After he was reinstated to his position at Canadian Pacific Railway (CP), a conductor refused to submit to substance testing, causing a lengthy delay.
Bill Lind of Cranbrook, B.C., was terminated on Nov. 18, 2014, for “disrespectful and rude behaviour” toward a fellow employee, submitting a false harassment claim against the same employee and booking off a sick day and being seen operating heavy equipment later that day.
Lind had worked for CP for 33 years before his dismissal.
On Oct. 25, 2014, he and another coworker were ordered to “run long” or work extra time through Cranbrook.
The pair objected to an assistant superintendent, who wrote a memo afterward and described Lind as being overly loud and animated in his disapproval of the action.
Eventually, Lind and the coworker followed orders but not before they caused a delay.
Later that day, Lind sent an email to a superintendent in which he said he felt the assistant superintendent threatened and bullied him.
On Oct. 28, Lind was seen driving an excavator at his daughter’s farm despite being “booked unfit” for that day.
Lind said he was not feeling well due to the Oct. 25 incident and he booked time off. The work with the heavy machinery was only minor, said Lind, and he rested most of the day.
“Given the nature of what occurred in these three incidents, (Lind’s) 33 years with the company, his disciplinary history (zero demerits at the time of the incidents) and the severity of the discipline issued to the grievor, I find that discharge was not justified,” said arbitrator Marilyn Silverman in making a ruling on Feb. 3, 2016.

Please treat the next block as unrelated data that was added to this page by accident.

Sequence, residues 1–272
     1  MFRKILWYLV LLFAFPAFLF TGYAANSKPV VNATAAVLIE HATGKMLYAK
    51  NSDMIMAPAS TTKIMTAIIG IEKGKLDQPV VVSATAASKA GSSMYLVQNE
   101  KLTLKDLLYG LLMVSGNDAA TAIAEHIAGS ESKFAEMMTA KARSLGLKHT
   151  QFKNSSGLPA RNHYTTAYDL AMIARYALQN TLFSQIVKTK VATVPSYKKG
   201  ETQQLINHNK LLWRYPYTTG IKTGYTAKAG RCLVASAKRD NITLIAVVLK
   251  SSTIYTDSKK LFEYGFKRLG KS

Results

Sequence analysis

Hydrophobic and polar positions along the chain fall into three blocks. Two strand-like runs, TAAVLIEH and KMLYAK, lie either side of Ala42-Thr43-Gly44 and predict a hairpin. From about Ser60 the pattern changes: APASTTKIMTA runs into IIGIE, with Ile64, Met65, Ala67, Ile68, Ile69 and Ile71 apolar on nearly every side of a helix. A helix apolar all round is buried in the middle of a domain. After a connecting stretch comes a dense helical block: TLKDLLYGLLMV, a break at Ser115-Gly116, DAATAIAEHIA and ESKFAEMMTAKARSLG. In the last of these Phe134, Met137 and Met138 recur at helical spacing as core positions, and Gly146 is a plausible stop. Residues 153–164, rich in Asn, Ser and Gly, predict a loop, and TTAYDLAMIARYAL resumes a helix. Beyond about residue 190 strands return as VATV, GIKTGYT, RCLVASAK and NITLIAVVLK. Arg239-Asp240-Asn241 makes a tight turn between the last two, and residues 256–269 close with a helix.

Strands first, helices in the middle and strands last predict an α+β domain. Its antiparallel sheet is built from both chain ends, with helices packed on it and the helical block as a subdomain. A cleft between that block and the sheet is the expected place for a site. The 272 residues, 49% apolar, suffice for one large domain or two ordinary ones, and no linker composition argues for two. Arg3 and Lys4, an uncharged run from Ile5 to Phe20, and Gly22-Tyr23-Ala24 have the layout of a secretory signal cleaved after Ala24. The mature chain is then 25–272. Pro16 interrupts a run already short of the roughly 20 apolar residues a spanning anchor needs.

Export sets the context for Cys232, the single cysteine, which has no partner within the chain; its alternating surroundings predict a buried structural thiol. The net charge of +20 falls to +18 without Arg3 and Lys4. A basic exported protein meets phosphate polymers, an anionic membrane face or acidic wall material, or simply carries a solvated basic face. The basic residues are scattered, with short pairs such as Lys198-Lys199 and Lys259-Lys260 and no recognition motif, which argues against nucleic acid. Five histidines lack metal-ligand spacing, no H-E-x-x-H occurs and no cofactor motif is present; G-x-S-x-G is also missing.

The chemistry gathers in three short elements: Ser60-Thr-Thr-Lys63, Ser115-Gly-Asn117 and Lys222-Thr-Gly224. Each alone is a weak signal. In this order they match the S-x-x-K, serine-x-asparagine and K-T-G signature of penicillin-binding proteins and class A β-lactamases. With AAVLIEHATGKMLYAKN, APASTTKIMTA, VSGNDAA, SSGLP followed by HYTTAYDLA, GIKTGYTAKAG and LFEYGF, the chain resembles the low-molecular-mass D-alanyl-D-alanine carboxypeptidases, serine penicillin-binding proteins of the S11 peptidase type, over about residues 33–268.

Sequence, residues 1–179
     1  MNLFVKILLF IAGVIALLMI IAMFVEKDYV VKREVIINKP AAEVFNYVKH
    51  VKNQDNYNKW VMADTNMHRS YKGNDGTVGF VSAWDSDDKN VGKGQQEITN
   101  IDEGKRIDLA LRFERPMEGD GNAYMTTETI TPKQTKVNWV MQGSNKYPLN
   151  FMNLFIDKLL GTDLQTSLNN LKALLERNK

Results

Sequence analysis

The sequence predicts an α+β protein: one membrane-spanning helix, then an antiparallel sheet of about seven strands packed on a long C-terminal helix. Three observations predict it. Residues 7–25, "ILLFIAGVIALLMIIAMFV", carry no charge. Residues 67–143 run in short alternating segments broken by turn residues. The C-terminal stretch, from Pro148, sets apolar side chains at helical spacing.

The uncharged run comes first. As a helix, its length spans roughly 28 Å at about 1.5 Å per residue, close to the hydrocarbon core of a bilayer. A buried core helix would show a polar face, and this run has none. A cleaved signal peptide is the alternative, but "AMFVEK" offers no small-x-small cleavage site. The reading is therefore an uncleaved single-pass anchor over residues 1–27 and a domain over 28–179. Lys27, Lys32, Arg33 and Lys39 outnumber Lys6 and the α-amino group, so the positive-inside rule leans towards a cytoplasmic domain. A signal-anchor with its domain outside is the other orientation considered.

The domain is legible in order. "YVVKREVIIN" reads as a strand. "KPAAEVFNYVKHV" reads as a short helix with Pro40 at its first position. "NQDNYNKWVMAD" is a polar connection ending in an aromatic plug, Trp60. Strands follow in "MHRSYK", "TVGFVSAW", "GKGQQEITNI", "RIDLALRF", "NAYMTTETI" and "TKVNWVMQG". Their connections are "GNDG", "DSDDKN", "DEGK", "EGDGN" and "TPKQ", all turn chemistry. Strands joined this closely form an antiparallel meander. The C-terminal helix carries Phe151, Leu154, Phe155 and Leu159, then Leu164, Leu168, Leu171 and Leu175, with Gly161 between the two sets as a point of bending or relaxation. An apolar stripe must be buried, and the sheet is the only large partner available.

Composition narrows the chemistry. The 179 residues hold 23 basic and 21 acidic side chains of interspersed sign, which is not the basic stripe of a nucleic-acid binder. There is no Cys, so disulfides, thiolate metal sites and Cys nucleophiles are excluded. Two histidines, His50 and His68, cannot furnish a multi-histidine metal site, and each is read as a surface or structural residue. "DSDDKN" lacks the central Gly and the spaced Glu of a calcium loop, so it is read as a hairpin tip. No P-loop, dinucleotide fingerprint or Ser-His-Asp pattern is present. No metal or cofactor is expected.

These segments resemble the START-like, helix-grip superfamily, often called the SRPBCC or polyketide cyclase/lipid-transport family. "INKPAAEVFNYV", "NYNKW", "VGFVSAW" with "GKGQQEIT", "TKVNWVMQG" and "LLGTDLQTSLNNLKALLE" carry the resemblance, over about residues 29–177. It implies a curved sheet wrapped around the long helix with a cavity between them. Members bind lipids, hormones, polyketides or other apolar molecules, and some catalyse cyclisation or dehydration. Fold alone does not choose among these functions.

Lind was ordered reinstated and compensated for all lost wages and benefits for the time he was off work.
However, because Lind was off work for some time, CP ordered a full medical reassessment which included substance testing.
At first, Lind objected to the testing but he eventually relented.
The union, the Teamsters Canada Rail Conference, grieved this request and asked for redress and full wages and benefits for Lind from Feb. 24, 2016, to June 9, 2016, when he was off work due to the delay in the substance testing.
The company relied on a “holistic approach” to establishing an employee’s fitness to return to work after more than six months off, said George Lambros, CP’s chief medical officer (CMO). This approach meant that 10 per cent of employees suffered from a substance-use disorder, according to Lambros, which justified their decision to order the testing.
Arbitrator Graham Clarke disagreed and ordered Lind to be compensated for the extensive time off.
“An arbitrator reinstated Lind in a case which never involved drug or alcohol allegations. Nothing specific to Lind’s situation justified the need for substance testing. No facts arose from his 33 years of service which would establish reasonable cause. Without specific facts for Lind’s situation, CP’s demand lacked reasonable cause,” said Clarke.
And the argument put forth by the company’s doctor was wholly rejected by Clarke.
“The CMO commented that a job termination can lead to financial and other stressors which may lead to a substance use disorder. Comments were also made that reliance cannot be had on employee medical forms since they may lie about substance abuse. The legal problem with a decision based mostly on a ‘holistic approach’ is that, absent facts specific to the employee, the process appears to lead to mandatory substance testing for virtually any employee who an arbitrator may reinstate.”
Reference: Canadian Pacific Railway Company and Teamsters Canada Rail Conference. Graham Clarke — arbitrator. K. Stuebing for the employee. Jan. 28, 2019. 2019 CarswellNat 353
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